In the eighteenth episode of the first season of Supernatural, this show is RUDE about FEELINGS. Intrigued? Then it’s time for Mark to watch Supernatural.
GOD, THIS WAS SECRETLY ANOTHER EPISODE ABOUT DADDY ISSUES AND BROTHERLY LOVE AND GODDAMN IT, STOP DOING THIS TO ME. Y’all, I thought I understood why Dean was taking this case so personally, and then that fucking flashback proved me wrong and I have had it with this show giving me emotions.
All right, so I’m being a little ridiculous. It is what I do. I thought I had this show figured out! Every time there’s one of those standard “Previously on…” segments, we usually get a monster-of-the-week unconnected from the larger narrative. So, to be fair, I WAS TRICKED. “Something Wicked” started off fairly standard: a creepy thing happens, John sends his sons to investigate, and the creepy thing is based on some existing legend or myth, and WOW NOPE WHY IS THAT HAPPENING, THESE FLASHBACKS ARE NOT OKAY. Also, hello Jeffrey Dean Morgan in a leather jacket.
That’s a different point which I WILL NOT DISCUSS JUST YET. This is another creepy story, not the least of which is due to the fact that the shtriga specifically targets children. Oh, and it can hide in plain sight as an “innocuous” human, which is 10000% not fair. I did like that the writers destroyed the trope of the witch hiding as an old woman, for the record. That was a neat red herring. Anyway, the bulk of this episode is not about uncovering a mystery, much like “Hell House” was. From the get-go, we know the shtriga is causing the illnesses in the children of Fitchburg, Wisconsin, so this largely is a matter of how Dean and Sam are going to stop it.
Instead, the show focuses on what this case means for Dean. Initially, I thought the deliberate parallels drawn between Michael and Dean were simply meant to explain why Dean was taking this so seriously. He clearly identified with Michael; through flashbacks, we learn how John often depended on his son to take care of Sam, which still manifests in the present, too. Dean knows what it’s like to take care of a little brother, to grow up with only one parent, and to have responsibilities that other kids might not have for years to come. Though I must say that the expectations that John Winchester had for Dean are clearly more absurd than what the vast majority of kids go through. It made me a little sad to see how quickly Dean was to blame himself for what happened all those years ago. He was a kid! And at the same time, it’s easy to see why Dean has become who he is and why he’s so serious about this family. It’s all he knew. Well, not just that, but his love for John and Sam is genuine, too, so he felt personally responsible for the welfare of his family.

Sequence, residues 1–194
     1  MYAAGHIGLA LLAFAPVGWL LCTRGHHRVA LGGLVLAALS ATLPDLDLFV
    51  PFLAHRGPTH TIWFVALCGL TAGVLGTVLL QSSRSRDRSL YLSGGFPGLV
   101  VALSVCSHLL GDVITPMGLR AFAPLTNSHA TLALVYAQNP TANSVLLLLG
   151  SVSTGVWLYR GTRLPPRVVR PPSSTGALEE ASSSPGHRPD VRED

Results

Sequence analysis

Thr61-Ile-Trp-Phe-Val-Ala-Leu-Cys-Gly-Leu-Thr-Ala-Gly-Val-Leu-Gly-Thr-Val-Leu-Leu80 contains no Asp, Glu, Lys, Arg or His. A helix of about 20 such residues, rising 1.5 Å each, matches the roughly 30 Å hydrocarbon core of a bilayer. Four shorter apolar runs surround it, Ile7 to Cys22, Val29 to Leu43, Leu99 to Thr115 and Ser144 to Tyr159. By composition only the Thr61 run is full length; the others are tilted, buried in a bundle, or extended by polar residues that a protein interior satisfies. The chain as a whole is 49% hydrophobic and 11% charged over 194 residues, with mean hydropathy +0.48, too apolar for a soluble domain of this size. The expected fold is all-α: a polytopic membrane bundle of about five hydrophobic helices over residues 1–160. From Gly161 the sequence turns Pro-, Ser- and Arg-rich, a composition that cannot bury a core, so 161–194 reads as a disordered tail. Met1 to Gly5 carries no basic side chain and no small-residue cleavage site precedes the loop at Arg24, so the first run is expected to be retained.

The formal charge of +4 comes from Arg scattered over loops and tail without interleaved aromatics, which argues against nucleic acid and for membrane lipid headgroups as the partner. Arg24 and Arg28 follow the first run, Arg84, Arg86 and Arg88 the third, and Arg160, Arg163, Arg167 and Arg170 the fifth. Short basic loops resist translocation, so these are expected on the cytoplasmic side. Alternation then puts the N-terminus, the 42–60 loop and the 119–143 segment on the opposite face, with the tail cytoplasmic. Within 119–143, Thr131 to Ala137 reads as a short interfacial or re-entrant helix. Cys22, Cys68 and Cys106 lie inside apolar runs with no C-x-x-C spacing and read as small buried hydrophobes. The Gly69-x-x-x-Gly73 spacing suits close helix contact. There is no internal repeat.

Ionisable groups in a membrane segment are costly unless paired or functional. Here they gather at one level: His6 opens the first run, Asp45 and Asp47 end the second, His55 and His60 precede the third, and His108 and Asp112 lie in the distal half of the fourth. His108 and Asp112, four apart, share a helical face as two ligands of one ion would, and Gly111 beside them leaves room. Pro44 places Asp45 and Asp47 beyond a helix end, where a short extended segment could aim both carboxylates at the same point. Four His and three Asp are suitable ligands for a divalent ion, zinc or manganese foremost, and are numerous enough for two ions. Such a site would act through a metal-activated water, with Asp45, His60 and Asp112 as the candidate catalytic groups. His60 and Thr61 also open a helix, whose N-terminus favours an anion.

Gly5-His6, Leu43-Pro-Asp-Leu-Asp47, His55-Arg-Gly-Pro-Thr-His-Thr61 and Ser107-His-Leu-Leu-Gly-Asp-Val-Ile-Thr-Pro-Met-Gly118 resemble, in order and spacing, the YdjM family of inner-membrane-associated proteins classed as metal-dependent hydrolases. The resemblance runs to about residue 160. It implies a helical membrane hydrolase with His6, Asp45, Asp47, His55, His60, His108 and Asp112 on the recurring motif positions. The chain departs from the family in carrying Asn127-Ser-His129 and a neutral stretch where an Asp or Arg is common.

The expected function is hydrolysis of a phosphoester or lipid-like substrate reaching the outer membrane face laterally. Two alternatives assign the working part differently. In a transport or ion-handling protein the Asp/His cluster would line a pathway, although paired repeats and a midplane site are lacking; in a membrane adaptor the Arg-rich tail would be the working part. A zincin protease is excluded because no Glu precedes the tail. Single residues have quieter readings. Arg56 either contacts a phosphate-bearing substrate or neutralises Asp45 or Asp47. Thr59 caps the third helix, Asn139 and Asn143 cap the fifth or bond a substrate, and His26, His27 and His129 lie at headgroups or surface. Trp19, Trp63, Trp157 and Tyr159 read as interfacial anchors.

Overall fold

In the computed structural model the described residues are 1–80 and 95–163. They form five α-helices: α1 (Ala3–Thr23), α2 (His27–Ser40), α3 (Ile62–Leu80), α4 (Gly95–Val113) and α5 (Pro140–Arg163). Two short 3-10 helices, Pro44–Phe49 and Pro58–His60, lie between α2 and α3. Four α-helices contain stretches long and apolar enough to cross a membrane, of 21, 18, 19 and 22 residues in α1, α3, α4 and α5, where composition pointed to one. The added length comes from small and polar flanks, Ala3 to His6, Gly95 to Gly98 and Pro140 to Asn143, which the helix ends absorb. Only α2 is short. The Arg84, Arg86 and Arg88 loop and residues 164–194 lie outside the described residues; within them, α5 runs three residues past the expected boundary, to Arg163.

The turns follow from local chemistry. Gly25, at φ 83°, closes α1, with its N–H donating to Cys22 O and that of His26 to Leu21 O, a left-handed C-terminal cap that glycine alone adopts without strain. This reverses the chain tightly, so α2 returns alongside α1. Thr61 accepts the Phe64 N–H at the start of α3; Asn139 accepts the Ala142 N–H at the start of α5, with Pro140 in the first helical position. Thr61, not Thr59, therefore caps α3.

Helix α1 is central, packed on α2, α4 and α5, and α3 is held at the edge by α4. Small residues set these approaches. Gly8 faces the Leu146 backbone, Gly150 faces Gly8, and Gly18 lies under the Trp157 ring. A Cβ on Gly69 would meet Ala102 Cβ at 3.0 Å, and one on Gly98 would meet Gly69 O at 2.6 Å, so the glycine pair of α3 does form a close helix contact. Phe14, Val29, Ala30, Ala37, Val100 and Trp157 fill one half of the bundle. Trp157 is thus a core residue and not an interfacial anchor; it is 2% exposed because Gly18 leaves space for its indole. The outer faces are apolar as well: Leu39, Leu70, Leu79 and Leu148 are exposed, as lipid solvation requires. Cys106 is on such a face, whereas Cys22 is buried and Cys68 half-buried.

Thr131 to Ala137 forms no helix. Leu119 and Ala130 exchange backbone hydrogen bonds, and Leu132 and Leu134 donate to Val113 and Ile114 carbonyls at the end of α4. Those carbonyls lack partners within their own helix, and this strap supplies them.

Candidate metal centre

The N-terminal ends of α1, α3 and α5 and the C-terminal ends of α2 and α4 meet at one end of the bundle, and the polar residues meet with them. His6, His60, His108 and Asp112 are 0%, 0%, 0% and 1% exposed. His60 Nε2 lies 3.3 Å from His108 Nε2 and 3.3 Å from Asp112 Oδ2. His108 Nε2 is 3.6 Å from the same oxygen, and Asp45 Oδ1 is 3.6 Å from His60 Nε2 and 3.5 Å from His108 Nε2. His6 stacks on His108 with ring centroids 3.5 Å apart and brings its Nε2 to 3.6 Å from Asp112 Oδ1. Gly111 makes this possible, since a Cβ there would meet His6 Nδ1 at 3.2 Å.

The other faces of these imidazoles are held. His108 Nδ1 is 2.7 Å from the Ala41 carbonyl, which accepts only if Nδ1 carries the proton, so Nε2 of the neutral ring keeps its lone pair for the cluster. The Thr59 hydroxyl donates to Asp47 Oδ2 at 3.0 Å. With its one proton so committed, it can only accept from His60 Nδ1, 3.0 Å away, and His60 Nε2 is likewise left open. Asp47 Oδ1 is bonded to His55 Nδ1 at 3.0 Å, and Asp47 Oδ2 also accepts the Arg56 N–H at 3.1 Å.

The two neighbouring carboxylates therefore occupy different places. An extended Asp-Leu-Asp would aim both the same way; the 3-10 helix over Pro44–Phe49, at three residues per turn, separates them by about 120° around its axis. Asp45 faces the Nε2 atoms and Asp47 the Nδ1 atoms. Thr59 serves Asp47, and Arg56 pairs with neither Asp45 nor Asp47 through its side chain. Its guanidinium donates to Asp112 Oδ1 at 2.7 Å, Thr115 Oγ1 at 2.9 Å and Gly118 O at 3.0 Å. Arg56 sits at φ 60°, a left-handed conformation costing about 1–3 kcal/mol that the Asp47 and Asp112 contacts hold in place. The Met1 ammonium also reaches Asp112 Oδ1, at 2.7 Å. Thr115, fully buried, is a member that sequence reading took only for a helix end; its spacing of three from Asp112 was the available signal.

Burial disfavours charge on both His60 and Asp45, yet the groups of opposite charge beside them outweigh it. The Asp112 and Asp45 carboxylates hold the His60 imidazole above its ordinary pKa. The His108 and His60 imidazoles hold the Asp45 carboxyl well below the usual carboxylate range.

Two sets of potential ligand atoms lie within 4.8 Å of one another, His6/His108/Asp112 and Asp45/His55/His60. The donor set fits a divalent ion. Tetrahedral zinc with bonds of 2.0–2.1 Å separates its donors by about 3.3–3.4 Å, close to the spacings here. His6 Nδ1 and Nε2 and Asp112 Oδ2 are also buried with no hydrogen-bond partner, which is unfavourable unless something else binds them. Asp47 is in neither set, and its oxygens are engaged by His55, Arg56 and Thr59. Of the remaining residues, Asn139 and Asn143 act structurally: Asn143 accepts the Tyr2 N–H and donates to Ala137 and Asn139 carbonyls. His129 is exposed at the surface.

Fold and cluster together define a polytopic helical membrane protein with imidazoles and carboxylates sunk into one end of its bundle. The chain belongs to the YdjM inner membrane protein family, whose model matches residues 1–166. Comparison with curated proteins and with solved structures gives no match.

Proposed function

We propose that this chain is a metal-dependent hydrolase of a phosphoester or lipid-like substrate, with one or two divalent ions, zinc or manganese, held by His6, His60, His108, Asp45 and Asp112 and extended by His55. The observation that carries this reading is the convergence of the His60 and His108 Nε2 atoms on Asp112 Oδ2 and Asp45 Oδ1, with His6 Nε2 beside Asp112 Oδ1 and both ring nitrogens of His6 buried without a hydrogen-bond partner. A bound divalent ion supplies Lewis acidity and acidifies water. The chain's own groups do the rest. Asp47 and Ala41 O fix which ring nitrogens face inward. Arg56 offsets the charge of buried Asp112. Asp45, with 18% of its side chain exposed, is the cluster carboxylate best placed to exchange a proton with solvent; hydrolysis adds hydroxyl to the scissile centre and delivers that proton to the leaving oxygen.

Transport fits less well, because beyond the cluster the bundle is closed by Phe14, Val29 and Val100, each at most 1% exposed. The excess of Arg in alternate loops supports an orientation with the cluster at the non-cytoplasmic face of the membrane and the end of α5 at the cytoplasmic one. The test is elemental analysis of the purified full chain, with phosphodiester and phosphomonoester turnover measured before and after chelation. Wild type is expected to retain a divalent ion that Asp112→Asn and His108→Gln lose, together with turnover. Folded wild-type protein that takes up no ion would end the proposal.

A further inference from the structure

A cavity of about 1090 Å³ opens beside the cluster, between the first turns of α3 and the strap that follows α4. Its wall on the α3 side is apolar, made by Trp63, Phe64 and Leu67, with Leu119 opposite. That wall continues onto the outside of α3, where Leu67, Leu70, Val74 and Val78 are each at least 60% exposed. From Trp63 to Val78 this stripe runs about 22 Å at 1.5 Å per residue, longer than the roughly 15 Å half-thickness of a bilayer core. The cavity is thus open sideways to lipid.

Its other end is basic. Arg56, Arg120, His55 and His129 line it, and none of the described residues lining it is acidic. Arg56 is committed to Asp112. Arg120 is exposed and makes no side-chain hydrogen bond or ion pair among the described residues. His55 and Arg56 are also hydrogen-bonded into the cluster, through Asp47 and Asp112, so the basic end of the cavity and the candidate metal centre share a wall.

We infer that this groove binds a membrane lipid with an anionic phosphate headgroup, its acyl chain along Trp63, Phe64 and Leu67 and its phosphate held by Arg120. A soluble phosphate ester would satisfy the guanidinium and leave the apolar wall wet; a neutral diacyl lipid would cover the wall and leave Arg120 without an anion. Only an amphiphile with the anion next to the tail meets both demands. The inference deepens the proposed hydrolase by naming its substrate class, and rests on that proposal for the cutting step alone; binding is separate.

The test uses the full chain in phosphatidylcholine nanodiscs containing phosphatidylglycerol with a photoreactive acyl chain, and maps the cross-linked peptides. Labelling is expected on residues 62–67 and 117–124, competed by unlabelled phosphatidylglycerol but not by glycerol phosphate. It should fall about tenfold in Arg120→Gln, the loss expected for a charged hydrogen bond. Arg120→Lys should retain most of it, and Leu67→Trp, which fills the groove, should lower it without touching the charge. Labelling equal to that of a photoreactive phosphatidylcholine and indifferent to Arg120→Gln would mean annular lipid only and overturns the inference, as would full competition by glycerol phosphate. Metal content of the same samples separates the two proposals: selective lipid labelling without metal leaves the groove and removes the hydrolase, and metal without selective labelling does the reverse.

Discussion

However, it wasn’t the whole story. See, I chalked up Dean’s memory of how to defeat a shtriga to the value of said memory. Disappointing his father was a huge defining moment for his character, so it makes sense that he’d remember many of the details around it. YEAH. NO. NO. SAM WAS ONCE ATTACKED BY A SHTRIGA. In fact, that whole case that John eventually abandoned came to a terrible end because Dean left Sam alone in the hotel room. Again, I think that Dean is ruthlessly hard on himself for seeking out some entertainment while he’s left alone for DAYS. He was put into a situation where he had to essentially raise Sam, feed him, take care of him, all that sort of stuff.
And yet, Dean needs the closure that this case will provide, which puts John’s “assignment” into a new context. Perhaps John gave this to Dean specifically so that Dean could finally close the book on this monster, so that Dean doesn’t have to feel like his mistake that night will send more children to their graves. That doesn’t negate the parallels between Michael and Dean, either. In fact, it heightens them. Dean is willing to do anything to protect his brother, and Michael ultimately reveals that he, too, is willing to do the same.
Y’ALL, THAT FINAL SCENE IS FUCKED UP. I don’t know, going into the bait sequence, I wasn’t terrified until I realized just what this meant for Michael. He had to lay there and act helpless while that thing got within inches of his face. He essentially had to stare death in the face. AS A CHILD. And I think it gets even worse when Michael has to watch in horror as the shtriga feeds on Sam mere feet away from his bed. Not okay. NOT OKAY.
Even with a happy ending of sorts, “Something Wicked” reminds us that, like Sam and Dean, some children lose their innocence and naïveté early in their lives. That kid is going to have to live with the memory of that night, much like the memory of the shtriga’s attack on Sam will be forever burned within Dean’s mind. Michael doesn’t get to ever go back to a world where that doesn’t exist.
Neither do Sam or Dean, no matter how much they wish they could.
THANKS FOR THE FEELINGS, SUPERNATURAL.
The video commission for “Something Wicked” can be downloaded right here.
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